Can you remember when God carried you through something very difficult?
Every week, members of New World United Methodist Church come around a table at a local family shelter for an evening of fellowship, prayer and creating art. Residents in the shelter are there for many different reasons – job losses, deaths in the family, fleeing domestic violence, unexpected illnesses or other expenses.
Art brings people together. The act of creating art has a powerful way of bringing about calm, healing and empowerment. We choose to create art with residents of a local shelter because many of the families are in desperate need of space for calm, connection, dignity and love.
Each week we have a different project and a different theme. In the picture, we are creating very special prayer beads, “ebenezer beads.” You might recognize the word “ebenezer” from the hymn “Come, Thou Font of Every Blessing.” My favorite verse goes like this:
Here I raise my Ebenezer
Here there by Thy help I come
And I hope by Thy good pleasure
Safely to arrive at home
What in the world is an ebenezer, you ask, and why are we raising one? The Hebrew word literally means “stone of help.” The song is a reference to the book of 1 Samuel:
Samuel took a stone and set it up . . . and called its name Ebenezer; for he said, “Till now the Lord has helped us.” 1 Samuel 7:12
In the story, Samuel is raising a special monument in gratitude for God’s faithfulness as the Israelites defeated the powerful Philistines. Samuel wants to make sure that all who come to this place remember what God has done for God’s people. We are called to remember.
In our prayer bead project, each participant was invited to include a few handmade beads made the week before. As they pray with their beads, these special beads serve as a reminder that God will faithfully bring each family through life’s difficult times of transition.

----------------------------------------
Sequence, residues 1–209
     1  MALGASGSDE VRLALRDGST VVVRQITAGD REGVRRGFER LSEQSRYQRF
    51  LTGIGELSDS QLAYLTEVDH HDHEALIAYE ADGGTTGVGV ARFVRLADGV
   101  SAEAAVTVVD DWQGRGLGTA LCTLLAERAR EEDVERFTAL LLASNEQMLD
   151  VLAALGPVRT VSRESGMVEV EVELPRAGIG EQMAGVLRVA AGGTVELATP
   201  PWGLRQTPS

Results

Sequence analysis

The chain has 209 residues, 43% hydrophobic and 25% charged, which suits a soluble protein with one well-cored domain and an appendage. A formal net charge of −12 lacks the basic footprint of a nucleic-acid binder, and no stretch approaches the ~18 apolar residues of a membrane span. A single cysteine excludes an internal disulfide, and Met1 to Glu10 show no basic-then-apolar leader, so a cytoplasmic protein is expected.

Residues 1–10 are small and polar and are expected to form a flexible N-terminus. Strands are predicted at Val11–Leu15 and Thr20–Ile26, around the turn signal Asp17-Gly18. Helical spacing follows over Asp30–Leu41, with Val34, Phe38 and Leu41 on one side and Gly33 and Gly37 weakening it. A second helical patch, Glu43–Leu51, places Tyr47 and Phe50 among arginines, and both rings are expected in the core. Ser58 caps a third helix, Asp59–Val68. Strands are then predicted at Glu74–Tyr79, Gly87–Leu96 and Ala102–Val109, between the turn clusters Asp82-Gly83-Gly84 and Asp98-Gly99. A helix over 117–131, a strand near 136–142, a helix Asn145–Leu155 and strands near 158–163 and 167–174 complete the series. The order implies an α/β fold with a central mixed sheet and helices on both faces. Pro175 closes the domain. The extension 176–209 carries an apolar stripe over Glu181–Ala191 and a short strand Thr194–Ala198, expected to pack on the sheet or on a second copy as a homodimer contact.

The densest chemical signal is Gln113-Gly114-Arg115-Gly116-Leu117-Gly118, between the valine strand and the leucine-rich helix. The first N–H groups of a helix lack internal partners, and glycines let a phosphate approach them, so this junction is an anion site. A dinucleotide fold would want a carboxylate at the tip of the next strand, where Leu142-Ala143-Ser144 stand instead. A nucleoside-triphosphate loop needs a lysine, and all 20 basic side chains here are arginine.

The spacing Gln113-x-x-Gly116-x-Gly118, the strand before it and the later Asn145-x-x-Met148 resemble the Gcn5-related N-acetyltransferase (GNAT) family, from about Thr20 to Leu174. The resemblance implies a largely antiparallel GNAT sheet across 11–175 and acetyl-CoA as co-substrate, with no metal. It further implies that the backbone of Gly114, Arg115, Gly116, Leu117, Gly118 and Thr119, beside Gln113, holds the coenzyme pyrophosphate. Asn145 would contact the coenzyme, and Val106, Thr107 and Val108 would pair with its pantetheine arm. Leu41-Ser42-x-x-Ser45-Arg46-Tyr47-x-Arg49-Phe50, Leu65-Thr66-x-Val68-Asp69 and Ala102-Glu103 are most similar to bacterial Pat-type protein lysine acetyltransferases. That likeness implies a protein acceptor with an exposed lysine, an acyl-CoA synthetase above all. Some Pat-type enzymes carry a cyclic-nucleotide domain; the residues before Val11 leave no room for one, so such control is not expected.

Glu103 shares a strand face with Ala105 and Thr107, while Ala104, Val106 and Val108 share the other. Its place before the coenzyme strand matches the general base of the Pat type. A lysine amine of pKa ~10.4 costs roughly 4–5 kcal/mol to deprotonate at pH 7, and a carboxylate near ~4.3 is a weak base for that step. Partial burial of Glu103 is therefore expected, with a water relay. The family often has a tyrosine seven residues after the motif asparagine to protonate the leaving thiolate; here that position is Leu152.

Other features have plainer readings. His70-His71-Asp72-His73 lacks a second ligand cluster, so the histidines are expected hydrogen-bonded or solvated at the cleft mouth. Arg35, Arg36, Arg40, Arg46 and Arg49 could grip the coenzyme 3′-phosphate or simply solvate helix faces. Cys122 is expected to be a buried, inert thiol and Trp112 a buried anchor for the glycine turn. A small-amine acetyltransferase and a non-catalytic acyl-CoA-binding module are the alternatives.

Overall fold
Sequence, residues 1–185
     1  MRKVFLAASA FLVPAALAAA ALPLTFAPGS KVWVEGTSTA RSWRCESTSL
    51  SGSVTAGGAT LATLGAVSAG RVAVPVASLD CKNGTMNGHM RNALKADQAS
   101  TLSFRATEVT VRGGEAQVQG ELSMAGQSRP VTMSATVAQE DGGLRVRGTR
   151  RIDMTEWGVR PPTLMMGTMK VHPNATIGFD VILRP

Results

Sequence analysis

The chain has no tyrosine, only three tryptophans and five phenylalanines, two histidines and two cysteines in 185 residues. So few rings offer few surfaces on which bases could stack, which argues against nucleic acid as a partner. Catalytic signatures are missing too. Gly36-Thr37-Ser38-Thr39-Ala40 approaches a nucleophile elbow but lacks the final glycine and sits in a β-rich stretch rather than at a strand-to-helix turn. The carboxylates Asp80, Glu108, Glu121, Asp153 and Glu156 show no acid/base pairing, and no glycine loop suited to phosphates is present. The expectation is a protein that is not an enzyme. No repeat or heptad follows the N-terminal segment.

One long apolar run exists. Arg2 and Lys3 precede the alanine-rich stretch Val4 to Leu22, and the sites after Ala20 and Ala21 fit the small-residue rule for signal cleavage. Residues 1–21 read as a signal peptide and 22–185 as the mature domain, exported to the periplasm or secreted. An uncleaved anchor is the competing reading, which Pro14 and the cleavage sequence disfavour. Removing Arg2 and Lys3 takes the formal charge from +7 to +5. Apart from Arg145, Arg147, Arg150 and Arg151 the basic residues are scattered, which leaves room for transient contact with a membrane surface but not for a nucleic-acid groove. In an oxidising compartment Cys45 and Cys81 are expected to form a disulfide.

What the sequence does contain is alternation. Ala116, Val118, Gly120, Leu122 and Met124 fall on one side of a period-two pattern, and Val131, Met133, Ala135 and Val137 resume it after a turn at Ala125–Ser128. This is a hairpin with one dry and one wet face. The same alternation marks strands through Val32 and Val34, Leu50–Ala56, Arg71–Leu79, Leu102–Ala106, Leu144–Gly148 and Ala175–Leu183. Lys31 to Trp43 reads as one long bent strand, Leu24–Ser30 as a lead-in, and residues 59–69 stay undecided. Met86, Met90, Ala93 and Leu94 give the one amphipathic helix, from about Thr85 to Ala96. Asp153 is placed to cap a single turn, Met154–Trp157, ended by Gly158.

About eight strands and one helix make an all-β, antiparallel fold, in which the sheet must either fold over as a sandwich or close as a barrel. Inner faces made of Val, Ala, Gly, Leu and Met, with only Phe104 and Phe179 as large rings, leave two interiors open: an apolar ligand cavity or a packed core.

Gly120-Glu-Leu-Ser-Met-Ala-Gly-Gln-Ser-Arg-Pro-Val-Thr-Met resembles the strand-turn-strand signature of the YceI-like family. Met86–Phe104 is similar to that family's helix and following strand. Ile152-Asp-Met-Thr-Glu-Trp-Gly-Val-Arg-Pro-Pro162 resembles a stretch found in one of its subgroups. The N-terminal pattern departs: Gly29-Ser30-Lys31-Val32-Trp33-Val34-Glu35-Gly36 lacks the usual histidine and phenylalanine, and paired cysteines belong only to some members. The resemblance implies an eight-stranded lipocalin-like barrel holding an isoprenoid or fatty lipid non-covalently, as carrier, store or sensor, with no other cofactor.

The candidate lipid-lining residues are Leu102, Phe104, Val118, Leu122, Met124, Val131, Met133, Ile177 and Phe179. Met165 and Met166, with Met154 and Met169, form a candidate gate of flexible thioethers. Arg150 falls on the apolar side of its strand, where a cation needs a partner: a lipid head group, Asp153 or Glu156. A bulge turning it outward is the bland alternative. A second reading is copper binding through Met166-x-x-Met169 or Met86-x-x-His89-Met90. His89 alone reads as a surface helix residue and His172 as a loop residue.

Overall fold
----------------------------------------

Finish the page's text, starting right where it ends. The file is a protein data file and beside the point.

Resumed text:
May we all remember that God is faithful.
Prayer: Dear God, we remember the times in our life when you brought us through difficult circumstances and we thank you. We pray for people in our community who are experiencing homelessness. Lead us to be messengers of your mercy, love and grace. In Jesus’ name we pray, amen.
I’m grateful to God, whom I serve with a good conscience as my ancestors did. I constantly remember you in my prayers day and night. When I remember your tears, I long to see you so that I can be filled with happiness.I’m reminded of your authentic faith, which first lived in your grandmother Lois and your mother Eunice. I’m sure that this faith is also inside you.Because of this, I’m reminding you to revive God’s gift that is in you through the laying on of my hands.God didn’t give us a spirit that is timid but one that is powerful, loving, and self-controlled.
2 Timothy 1:3-7
Remember a time you went through something difficult. How did God bring you through that? How can you thank God for God’s faithfulness?
Bless to me, O God, my iPhone and its many applications;
Bless to me, O God, the texting apps that connect me to my loved ones;
Bless to me, O God, the navigation apps that safely guide me where You lead;
Bless to me, O God, the Find my iPhone app that enables me to secretly check on my teenage son’s safe arrival while still allowing him space to grow;
Bless to me, O God, the Tile app that helps me find my keys when I get so busy I misplace them;
Bless to me, O God, meditation apps that promote mindfulness;
Bless to me, O God, Bible apps that give me access to your word when I need it;
Bless to me, O God, the Google app that enables me to look up unfamiliar terms and gain deeper understanding;
Bless to me, O God, camera apps that allow me to capture and remember the beauty of your creation;
and Bless to me, O God, the Do Not Disturb feature that keeps my phone silent as I rest.